“So what happened?” the girl prompted.
“Well, the JLA, with a little help from a guy called the Creeper, got out of the trap I’d sprung on them, and convinced the Ur that they were good guys after all. And I agreed to retire Mind-Grabber Kid for good. (*) My parents, scandalized, packed it all up and moved us somewhere far away, where they’d never heard of Mind-Grabber Kid. That’s how we ended up here in Dover. That’s where we’ve been ever since.”
[(*) Editor’s note: See “Versus the Creeper,” Justice League of America #70 (March, 1969).]
“Tough break,” the girl said. “Well, keep your chin up, Lucian. Things may turn around for you.” The girl set her untouched beer back on the counter, lithely slid down off her stool, and without another word, walked out of the bar. Lucian watched her go.
“Weird,” he said to no one in particular, and took a big swallow of beer.
“Lucian? Is that you?” his mother’s voice called from somewhere in the kitchen, as Lucian came in the front door of their apartment.
“It’s me, Mom,” Lucian called, tossing his jacket over the back of a chair.
“Lucian, I put some community college literature in your room,” his mother called. “Please read it through, dear. Thoroughly.”
“I will, Mom,” Lucian said with a sigh.
“And Mrs. Loockerman called,” his mother continued. “Her daughter is coming down from Newark this weekend. She’s studying marketing principles at the University of Delaware. You should give her a call, Lucian.”
Lucian didn’t even bother to answer that. He walked into his room and shut the door. He put a beat-up old Les Baxter cassette in his stereo and tried to listen to the music through the pops and crackles as he lay on his bed, hands behind his head.
What had happened to him? Where had his life gone wrong? He had remembered something some adult had told him when he was a little boy, a teacher or minister or some such. Everyone is born with a purpose, he had been told. Beethoven was deaf, and he created beautiful music. John Milton was blind, and he wrote wonderful poetry. Everyone has a role to play in the grand design. So what was his? He was given these telepathic powers, and for what reason? To waste his life living in a three-room apartment over a furniture store? To hide out from the shame he had brought on his family by trying to be a super-hero? That couldn’t be the design. Could it?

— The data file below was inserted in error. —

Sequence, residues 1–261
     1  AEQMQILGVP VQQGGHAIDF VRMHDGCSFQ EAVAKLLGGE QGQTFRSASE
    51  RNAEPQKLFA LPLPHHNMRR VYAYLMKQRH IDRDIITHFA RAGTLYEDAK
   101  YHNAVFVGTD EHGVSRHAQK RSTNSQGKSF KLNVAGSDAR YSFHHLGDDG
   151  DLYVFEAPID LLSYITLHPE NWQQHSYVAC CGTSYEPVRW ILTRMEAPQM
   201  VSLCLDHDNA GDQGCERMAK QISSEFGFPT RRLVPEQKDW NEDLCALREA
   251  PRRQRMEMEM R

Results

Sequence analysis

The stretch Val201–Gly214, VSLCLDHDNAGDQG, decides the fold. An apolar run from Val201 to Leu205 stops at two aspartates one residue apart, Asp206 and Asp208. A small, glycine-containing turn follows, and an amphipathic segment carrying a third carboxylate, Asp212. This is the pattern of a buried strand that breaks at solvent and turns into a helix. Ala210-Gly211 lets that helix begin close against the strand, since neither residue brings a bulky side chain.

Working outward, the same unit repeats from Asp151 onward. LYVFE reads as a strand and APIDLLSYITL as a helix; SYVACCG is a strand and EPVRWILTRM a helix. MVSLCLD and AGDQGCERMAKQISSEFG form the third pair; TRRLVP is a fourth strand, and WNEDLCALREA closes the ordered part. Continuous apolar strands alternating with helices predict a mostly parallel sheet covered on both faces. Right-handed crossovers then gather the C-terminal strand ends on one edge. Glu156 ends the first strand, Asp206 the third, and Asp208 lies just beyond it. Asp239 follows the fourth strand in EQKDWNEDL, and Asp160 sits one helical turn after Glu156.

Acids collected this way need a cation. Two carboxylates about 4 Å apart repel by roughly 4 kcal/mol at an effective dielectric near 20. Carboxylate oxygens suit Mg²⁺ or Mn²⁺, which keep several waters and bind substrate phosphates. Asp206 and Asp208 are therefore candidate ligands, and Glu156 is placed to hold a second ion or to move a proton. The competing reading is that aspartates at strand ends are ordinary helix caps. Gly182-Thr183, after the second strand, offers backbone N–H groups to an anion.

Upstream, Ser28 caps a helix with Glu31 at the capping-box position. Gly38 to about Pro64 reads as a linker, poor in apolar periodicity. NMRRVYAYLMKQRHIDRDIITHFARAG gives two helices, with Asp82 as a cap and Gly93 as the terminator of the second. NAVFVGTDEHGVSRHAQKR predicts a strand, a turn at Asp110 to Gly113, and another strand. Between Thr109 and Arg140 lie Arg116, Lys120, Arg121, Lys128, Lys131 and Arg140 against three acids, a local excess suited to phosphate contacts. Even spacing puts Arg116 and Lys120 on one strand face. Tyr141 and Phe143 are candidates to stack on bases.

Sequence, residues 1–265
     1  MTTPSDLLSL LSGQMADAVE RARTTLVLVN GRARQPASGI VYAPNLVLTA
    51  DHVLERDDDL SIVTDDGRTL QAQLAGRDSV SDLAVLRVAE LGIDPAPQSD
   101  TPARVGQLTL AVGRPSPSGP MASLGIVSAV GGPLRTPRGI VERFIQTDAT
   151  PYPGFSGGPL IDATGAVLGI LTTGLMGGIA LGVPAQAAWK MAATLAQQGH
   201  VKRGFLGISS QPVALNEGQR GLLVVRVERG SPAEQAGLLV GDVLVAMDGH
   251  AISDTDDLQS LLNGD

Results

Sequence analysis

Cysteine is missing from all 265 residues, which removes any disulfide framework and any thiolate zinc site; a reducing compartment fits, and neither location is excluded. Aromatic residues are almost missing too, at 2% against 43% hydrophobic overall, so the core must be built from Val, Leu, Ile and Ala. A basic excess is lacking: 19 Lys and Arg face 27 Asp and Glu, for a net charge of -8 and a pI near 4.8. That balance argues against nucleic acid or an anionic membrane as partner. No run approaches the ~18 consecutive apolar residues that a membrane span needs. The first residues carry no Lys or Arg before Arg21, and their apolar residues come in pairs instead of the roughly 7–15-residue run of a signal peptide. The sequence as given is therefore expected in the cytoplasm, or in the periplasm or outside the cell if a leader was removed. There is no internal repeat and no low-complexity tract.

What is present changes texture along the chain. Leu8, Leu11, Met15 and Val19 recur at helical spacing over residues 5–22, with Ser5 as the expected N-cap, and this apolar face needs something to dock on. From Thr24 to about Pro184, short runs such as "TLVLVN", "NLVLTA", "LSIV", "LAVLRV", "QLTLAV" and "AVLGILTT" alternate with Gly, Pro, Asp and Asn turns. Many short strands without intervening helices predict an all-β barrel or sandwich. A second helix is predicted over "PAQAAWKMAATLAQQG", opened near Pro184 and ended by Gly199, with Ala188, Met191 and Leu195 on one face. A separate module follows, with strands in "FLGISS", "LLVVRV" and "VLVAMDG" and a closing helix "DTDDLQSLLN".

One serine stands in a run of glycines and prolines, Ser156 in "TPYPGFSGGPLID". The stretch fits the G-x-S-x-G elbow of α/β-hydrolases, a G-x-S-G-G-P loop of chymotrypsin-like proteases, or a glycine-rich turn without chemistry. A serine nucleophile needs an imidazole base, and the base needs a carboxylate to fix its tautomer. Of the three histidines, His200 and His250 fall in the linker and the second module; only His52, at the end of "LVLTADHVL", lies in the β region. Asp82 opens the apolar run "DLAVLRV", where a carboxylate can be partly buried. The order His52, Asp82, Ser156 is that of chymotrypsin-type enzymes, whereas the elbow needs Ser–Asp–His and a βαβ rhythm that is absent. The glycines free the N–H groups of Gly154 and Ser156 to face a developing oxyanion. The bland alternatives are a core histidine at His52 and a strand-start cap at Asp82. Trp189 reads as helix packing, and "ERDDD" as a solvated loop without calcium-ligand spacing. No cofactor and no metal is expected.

A noise outside his window made Lucian glance that way. What he saw made him get up suddenly and press his face to the glass.
Airmen in military uniforms were marching down his street, filling the entire avenue with their marching bodies. There seemed to be no order to them; he saw colonels and majors and other ranks he couldn’t recognize but obviously with a lot of shiny stuff on their collars, marching elbow to elbow with AFCs. And there were nonmilitary personnel marching, too — civilian workers from the Air Force base. It was as if everyone at the base had suddenly decided to go out for a stroll.
What the devil was going on?
“Hey! What’s going on? Where are you all going? Hey, somebody! Listen to me!” Lucian had run out into the street, and was jumping up and down, waving his arms. The airmen and others marching down the street did not seem to see or hear him; they gave no notice of him, just went right on marching.
“Hey!” Lucian yelled. “Are you deaf? Can’t you hear me?”
“I can hear you fine, Lucian,” Mr. McAllister, the proprietor of the small shoe store across the street, called to him. He had been sweeping the sidewalk in front of his store. “What’s on your mind?”
“Mr. McAllister!” Lucian called. “I was talking to these airmen here!”